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Reviewed by Harriet

‘Vivien Leigh, Laurence Olivier and the Romance of the Century’ is the subtitle of this joint biography by Stephen Galloway. The author, previously executive editor of the Hollywood Reporter, has a penchant for purple prose (“Hands, lips, limbs reached for each other with an urgency neither could control”) and some curiously abstruse vocabulary – ‘fungible’, which I had to look up, appears more than once. I almost let all this put me off, but I’m glad it didn’t, as underneath the sometimes excessive language is a story of real tragedy. This celebrated couple have been the subjects of numerous individual and joint biographies, around thirty by the last count, but none has delved as deeply as Galloway into the mental illness that destroyed their marriage and blighted their lives.

Vivien Leigh was an astonishingly beautiful young woman of 21 when the 28 year old Olivier first saw her in a play called The Mask of Virtue and was instantly made ‘drunk with desire’. Looking back many years later, he would write that her attraction ‘of the most perturbing nature I have ever encountered’ was so overpowering that it ‘sometimes felt like an illness’, something that took hold and could not be shaken off. Of course at the time they were both married: Leigh to barrister Leigh Holman, whose name she took as her stage name, and Olivier to actress Jill Esmond, Neither that, or the fact that they both had small children, could keep them apart, but given the climate of the 1930s, especially in Hollywood where both of them would attain global stardom – Olivier in Wuthering Heights and Leigh in Gone with the Wind (both 1939) – they felt initially impelled to keep their affair secret. By 1940, their spouses agreed to divorce, and they became the Oliviers, a famous, and famously beautiful, couple.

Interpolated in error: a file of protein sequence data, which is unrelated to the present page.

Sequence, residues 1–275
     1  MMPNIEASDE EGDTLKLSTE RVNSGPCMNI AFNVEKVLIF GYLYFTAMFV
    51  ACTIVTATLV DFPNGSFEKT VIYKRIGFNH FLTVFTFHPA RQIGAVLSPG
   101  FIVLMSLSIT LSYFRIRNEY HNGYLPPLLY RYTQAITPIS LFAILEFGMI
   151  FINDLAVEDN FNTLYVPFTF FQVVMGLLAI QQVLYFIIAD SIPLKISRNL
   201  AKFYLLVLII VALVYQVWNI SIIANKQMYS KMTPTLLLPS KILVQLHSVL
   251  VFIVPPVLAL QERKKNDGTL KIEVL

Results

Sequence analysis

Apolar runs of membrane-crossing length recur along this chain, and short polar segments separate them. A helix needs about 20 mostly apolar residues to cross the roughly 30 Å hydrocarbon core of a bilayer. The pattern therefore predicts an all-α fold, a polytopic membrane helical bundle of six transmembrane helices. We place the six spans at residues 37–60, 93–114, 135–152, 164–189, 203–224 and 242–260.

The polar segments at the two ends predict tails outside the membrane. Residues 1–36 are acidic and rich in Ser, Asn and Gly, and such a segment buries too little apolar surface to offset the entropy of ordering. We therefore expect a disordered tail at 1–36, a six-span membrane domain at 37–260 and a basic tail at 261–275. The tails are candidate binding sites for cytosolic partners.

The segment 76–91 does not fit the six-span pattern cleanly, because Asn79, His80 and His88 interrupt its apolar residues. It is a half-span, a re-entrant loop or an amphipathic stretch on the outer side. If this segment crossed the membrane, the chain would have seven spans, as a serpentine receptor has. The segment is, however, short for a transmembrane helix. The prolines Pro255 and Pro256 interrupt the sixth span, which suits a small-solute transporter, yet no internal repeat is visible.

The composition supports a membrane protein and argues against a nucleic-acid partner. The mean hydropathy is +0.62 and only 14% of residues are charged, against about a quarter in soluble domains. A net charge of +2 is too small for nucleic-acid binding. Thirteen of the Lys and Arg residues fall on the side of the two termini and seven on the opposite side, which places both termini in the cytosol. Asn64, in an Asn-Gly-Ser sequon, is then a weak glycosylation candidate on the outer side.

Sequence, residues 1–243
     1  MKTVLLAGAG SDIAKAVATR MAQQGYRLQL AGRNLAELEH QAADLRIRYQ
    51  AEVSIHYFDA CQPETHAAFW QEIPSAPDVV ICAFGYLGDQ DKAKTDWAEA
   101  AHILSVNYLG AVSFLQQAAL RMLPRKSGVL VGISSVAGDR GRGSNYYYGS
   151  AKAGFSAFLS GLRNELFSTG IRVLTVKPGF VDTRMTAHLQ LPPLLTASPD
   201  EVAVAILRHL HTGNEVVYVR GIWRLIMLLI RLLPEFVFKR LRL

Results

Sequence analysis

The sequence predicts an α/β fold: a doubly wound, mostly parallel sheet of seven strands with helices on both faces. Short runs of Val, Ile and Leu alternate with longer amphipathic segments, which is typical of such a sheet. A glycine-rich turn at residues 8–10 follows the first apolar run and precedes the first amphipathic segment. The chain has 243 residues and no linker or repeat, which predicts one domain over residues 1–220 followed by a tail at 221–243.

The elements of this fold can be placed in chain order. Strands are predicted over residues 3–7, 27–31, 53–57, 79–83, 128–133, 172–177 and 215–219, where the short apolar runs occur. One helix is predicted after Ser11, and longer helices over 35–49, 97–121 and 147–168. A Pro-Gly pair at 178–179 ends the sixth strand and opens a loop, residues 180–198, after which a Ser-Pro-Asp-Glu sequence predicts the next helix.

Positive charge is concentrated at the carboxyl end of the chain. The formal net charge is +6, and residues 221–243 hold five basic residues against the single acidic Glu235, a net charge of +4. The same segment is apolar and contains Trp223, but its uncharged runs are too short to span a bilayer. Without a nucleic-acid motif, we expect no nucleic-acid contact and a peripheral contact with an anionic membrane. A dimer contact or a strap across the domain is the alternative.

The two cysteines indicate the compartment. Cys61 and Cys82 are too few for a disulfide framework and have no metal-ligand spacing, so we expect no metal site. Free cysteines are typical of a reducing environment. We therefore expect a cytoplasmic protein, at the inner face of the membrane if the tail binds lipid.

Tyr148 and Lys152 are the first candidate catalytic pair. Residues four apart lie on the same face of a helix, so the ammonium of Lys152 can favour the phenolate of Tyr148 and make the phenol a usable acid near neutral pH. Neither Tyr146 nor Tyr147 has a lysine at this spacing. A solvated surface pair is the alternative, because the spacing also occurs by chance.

But under the glamorous exterior, the cracks soon began to appear.  Leigh was subject to dramatic changes of mood and sudden, frightening rages, which increased in intensity over the years. Manic depression was the term for her condition in those days; today she would have been diagnosed as bipolar and treated with medication that would have controlled her illness, but no such thing existed at the time. In consequence, she was frequently dismissed as difficult and badly behaved. This had a destructive effect on the marriage: as Noel Coward wrote, 

Their life together is really hideous and here they are trapped by public acclaim . . . . They are eminent, successful, envied, and adored, and most wretchedly unhappy. 

Her illness also affected her career: though sometimes dismissed as an inferior actress, it’s clear that she had a great talent, which was rewarded by two Academy Awards, for Gone With the Wind  and A Streetcar Named Desire. She was also extremely dedicated, and, as Galloway suggests, primarily a stage actress: at the start of WW2 she took on a role that would entail a gruelling six-month tour of the provinces and a further six months in the West End. It exhausted her, but she was determined to continue. Later in the war she toured North Africa, entertaining the troops and visiting sick and wounded soldiers in hospital. But as her mental state deteriorated, not helped by the tuberculosis she developed, she was increasingly unable to fulfil her acting obligations. Both Oliviers frequently engaged in extramarital affairs, hers notably with the Australian actor Peter Finch, his with the actress Dorothy Tutin. The marriage staggered on, but finally, after Olivier had fallen in love with Joan Plowright, the couple finally divorced. Leigh’s last years were made bearable by the devotion of the actor Jack Merivale, and Olivier married Plowright, to whom he was almost instantly unfaithful, embarking on a long lasting affair with Sarah Miles.